Routing topology

Component: RabbitMQ Transport
NuGet Package NServiceBus.RabbitMQ (5.x)
Target NServiceBus Version: 7.x

The RabbitMQ transport has the concept of a routing topology, which controls how it creates exchanges, queues, and the bindings between them in the RabbitMQ broker. The routing topology also controls how the transport uses the exchanges it creates to send and publish messages.

Conventional routing topology

The conventional routing topology relies on fanout exchanges to route messages.

The recommended routing topology is the conventional routing topology. It was the default topology prior to version 5.

Sending using the conventional routing topology

Each endpoint creates its own fanout exchange and queue, using its own name as the name of the exchange and queue. It also creates a binding between the exchange and queue. Messages are sent to the endpoint by sending them to the endpoint's exchange. The binding then routes the message to the endpoint's queue.

Publishing using the conventional routing topology

For each type being published, a series of fanout exchanges are created to model the inheritance hierarchy of the type. For each type involved, an exchange is created, named in the following format: Namespace:TypeName. Bindings are created between the types, going from child to parent, until the entire hierarchy has been modeled. Exchanges are also created for each interface the type implements.

When an endpoint subscribes to an event, it first ensures that the above infrastructure exists. It then adds a binding from the exchange corresponding to the subscribed type to its own exchange.

When an endpoint publishes an event, it first ensures that the above infrastructure exists. It then sends the message to the exchange corresponding to the type being published.

Enabling the conventional routing topology

To enable the conventional routing topology, use the following configuration:

var transport = endpointConfiguration.UseTransport<RabbitMQTransport>();

Direct routing topology

The direct routing topology routes all events through a single exchange, amq.topic by default. Events are published using a routing key based on the event type, and subscribers will use that key to filter their subscriptions.

Unless needed for compatibility with existing deployments, it is recommended to use the conventional routing topology instead.

Sending using the direct routing topology

Every endpoint creates a queue with a name that is equal to the endpoint name. When an endpoint sends a message it sends it to a default exchange with a routing key equal to the destination endpoint name. This makes use of RabbitMQ default exchanges to move the message to a queue with the same name.

Publishing using the direct routing topology

Every endpoint publishes an event using the amq.topic exchange with a routing key of the form Namespace.TypeName, corresponding to the type of the event. The event is moved to all queues that have a binding for that event type.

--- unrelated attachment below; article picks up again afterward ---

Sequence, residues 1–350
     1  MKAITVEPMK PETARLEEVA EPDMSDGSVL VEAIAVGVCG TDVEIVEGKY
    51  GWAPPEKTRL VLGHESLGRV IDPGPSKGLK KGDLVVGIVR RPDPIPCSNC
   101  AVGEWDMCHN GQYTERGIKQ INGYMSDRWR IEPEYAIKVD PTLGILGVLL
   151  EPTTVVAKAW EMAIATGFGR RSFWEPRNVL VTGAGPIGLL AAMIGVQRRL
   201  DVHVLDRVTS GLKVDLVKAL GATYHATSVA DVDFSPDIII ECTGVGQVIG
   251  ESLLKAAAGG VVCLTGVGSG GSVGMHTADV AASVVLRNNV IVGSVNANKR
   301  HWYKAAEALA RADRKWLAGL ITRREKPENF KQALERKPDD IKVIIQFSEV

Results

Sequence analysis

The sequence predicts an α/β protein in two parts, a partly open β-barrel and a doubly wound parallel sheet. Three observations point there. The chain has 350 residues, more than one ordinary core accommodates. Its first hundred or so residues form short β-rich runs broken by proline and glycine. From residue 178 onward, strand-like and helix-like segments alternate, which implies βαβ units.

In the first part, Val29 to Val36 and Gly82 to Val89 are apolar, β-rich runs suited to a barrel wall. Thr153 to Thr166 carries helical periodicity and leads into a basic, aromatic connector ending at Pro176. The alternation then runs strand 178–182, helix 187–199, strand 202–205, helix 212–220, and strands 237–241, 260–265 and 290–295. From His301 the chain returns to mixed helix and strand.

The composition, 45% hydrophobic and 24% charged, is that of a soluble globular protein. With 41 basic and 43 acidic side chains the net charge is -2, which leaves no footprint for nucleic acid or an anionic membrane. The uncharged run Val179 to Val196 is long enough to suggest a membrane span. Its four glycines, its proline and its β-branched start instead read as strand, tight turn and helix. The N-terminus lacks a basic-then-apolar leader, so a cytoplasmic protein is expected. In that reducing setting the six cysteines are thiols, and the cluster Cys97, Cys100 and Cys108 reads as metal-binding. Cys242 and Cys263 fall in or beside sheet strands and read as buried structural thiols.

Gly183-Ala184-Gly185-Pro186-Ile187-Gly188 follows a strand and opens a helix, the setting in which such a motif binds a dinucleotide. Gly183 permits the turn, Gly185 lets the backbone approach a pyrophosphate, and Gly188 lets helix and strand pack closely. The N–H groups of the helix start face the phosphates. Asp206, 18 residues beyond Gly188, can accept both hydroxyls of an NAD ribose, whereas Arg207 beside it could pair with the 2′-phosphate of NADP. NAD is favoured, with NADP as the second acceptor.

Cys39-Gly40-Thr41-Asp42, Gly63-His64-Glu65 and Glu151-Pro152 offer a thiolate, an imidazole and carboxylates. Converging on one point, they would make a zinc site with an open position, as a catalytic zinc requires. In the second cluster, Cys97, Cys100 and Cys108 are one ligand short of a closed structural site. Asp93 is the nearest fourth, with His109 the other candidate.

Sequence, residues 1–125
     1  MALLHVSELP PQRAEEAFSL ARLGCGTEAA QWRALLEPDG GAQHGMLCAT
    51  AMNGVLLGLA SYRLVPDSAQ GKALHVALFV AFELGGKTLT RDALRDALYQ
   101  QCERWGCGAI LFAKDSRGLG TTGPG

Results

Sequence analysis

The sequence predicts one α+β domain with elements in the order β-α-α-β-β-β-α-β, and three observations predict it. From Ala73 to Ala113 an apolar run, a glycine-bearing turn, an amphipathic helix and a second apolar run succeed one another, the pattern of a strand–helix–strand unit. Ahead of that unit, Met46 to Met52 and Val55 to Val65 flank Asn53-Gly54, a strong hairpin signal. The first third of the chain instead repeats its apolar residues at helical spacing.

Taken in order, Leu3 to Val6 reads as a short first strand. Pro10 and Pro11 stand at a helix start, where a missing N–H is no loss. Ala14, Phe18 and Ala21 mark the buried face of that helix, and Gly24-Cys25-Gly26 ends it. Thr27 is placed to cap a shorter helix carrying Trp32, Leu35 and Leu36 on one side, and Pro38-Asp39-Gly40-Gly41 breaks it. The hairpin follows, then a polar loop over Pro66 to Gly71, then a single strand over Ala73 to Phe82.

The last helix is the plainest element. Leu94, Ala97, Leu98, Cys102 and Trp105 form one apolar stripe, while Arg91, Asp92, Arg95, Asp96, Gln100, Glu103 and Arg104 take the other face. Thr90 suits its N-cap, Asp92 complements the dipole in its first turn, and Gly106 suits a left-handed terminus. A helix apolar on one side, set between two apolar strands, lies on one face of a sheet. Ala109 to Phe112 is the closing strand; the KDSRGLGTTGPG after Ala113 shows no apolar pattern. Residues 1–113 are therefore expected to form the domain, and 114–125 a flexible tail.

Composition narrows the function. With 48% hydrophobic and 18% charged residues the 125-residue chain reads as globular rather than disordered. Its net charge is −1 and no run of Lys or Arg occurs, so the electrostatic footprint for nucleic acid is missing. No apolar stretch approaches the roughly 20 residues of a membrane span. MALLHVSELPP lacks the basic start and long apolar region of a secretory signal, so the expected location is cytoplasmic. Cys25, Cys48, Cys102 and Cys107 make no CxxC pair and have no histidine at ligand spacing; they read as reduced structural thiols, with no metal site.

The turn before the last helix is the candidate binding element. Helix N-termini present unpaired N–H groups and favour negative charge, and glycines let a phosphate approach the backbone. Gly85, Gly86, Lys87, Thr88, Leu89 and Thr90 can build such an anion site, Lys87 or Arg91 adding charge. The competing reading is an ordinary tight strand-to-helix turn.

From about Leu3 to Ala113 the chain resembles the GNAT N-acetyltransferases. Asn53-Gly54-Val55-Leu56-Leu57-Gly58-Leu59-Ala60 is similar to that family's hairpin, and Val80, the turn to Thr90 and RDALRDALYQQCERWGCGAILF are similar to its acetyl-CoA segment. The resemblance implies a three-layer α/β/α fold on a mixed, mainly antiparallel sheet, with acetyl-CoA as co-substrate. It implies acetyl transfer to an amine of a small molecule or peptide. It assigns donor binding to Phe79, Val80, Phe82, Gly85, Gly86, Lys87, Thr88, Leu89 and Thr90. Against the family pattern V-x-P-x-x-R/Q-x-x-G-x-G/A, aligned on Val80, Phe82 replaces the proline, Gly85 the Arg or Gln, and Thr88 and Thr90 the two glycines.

An endpoint that subscribes to a given event creates a binding to the default exchange with the appropriate routing key.

In accordance with the AMQP 0.9.1 standard the routing key has a length limit of 255 characters.

Enabling the direct routing topology

To enable the direct routing topology, use the following configuration:

var transport = endpointConfiguration.UseTransport<RabbitMQTransport>();

Overriding the default conventions

The default conventions for exchange names and routing keys can be overridden by using the following overload:

var transport = endpointConfiguration.UseTransport<RabbitMQTransport>();
    routingKeyConvention: MyRoutingKeyConvention,
    exchangeNameConvention: () => "MyTopic");
In some cases, the direct routing topology may not deliver message types with "non-system" interfaces in their inheritance hierarchy. A "non-system" interface is any interface which is not contained in a .NET Framework assembly (any assembly signed with the same public key as mscorlib), and is not one of the interfaces. When using the direct routing topology, message types must not inherit from "non-system" interfaces. To guarantee delivery of message types which inherit from non-system interfaces, the conventional routing topology must be used.

Controlling exchange and queue durability

The routing topologies provided by the transport create durable exchanges and queues by default. To create transient exchanges and queues, use the following:

var transport = endpointConfiguration.UseTransport<RabbitMQTransport>();
To maintain backwards compatibility with previous versions of the transport, if durable messages have been disabled globally for the endpoint, the call to UseDurableExchangesAndQueues is required.
var transport = endpointConfiguration.UseTransport<RabbitMQTransport>();

Custom routing topology

If the built-in routing topologies do not satisfy the requirements of the system, a custom routing topology may be used. To do this:

  1. Define the routing topology by creating a class implementing IRoutingTopology.
  2. Register it with the transport calling UseRoutingTopology as shown below.
var transport = endpointConfiguration.UseTransport<RabbitMQTransport>();
    topologyFactory: createDurableExchangesAndQueues =>
        return new MyRoutingTopology(createDurableExchangesAndQueues);

The boolean argument supplied to the factory delegate indicates whether the custom routing topology should create durable exchanges and queues on the broker. Read more about durable exchanges and queues in the AMQP Concepts Guide.

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